cue any that might be in hiding or
wounded. Dr. Ayers and myself
were detailed to accompany the com
mand. The doctor invited me to have
a seat with him on his buck-board,
which I thankfully accepted. The
command had hardly made half the
distance to the settlement before they
were fired upon from ambush, but
none were wounded, and after return
ing a volley, continued our march.
On reaching the settlement the sad
dest scene presented itself that huma
nity is ever called upon to witness.
The massacre had probably taken
place on the Monday before, and the
dead were lying in all directions
about the farm houses—in bed, in
different rooms of the house, in the
yard, near the grain stacks, and on
the lawn. During the days that the
remains had been exposed the flies
had done their work, and as a result
the faces of the dead presented a re
volting spectacle. Trenches were dug,
the bodies gathered together and laid
within, blankets spread over them, a
prayer was offered, then earth to
earth, ashes to ashes when the com
mand turned sadly away, having wit
nessed the burial scene that could
never be forgotten. On our return we
reached New Ulm late in the after
By the military the day had been
passed in strengthening the defenses
of the town, providing themselves with
ammunition, and fixing upon posi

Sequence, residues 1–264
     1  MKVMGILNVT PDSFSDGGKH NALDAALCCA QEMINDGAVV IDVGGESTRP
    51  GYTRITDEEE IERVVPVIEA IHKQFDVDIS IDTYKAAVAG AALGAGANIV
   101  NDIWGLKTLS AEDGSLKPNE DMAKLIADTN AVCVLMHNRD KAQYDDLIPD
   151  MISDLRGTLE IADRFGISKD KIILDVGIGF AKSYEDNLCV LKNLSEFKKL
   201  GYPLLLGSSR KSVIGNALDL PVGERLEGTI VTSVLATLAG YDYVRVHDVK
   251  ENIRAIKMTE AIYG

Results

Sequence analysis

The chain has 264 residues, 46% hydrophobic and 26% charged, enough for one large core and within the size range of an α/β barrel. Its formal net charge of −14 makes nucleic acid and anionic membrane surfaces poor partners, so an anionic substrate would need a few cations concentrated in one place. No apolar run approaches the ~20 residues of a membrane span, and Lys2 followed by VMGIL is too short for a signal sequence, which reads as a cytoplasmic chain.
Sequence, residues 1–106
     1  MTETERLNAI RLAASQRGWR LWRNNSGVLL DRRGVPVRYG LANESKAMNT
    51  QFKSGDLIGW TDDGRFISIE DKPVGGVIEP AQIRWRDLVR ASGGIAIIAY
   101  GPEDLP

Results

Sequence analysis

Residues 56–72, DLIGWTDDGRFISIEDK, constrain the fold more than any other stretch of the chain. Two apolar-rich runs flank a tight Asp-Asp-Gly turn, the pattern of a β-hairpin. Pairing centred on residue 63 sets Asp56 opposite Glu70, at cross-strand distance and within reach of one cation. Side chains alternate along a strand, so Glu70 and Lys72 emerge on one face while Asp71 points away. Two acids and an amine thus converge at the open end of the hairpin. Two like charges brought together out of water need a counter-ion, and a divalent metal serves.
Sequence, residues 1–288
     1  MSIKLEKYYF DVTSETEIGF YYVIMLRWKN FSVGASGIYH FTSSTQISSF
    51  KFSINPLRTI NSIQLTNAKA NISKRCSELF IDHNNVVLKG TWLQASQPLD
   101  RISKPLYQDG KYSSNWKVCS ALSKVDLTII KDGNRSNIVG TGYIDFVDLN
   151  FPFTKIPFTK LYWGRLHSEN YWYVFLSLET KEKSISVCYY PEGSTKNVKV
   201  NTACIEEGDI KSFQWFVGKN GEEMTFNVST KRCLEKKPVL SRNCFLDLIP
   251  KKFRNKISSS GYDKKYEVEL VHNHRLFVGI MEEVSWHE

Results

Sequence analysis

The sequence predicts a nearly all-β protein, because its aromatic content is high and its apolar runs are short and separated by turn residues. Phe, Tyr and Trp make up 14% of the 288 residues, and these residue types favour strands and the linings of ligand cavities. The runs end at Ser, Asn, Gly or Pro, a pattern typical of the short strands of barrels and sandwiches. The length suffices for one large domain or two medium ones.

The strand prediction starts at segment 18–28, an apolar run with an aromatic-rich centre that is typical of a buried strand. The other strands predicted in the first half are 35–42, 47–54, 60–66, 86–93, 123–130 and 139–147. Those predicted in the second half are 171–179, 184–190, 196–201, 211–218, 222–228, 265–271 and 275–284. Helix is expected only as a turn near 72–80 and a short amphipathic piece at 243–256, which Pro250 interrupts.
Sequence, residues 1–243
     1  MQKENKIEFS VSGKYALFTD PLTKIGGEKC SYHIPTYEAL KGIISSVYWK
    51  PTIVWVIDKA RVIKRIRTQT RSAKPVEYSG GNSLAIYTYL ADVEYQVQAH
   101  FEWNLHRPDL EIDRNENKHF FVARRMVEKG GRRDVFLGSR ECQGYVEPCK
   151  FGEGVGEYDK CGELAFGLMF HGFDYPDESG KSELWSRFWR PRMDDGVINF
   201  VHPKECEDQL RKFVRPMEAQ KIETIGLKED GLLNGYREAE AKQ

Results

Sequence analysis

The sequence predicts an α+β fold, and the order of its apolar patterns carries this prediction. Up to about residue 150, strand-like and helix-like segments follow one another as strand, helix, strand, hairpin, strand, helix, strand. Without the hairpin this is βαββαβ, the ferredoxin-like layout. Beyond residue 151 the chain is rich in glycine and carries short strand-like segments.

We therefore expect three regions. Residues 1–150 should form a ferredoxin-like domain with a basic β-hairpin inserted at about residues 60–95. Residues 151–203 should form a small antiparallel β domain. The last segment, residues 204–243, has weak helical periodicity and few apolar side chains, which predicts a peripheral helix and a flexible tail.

tions of advantage in case of an at
News came in during the day of
fighting at Fort Ridgely, and Capt.
Marsh's defeat at the agency, and
many other alarming accounts from
(To be continued.)
County Sunday School Conven
The Brown County Sunday School
Association will hold their annual
convention, August 31 and September
1st, in the German M. E. church at
Springfield. Invitations have been
sent out to all Sunday School workers
in the county, and an elaborate pro
gram has been issued. This conven
tion promisis to be a very interesting
one, A. M. Locker, state secretary,
and to assistant state workers, Mr.
& Mrs. Paul S. Dietrick will be pre
sent, and will largely have charge of
the programs ,.
During the first evening Mrs. W.
H. Gold of Redwood Falls will render
an interesting report of the Worlds
Sunday School Convention held last
spring at Washington, D. C.
Everybody interested in Sunday
School work should avail themselves
of the opportunity to attend this con
Great Harm From Uttle Cause.
From little causes mighty Issues
spring. A cat which was chasing a
mouse knocked over a lantern and
caused a large farm house to be
burned down at Bareton-sur-Serre,
Arrangements Gompletel Many
Will Attend. A Good Time
The New Ulm Maennerchor has
practically finished all arrangements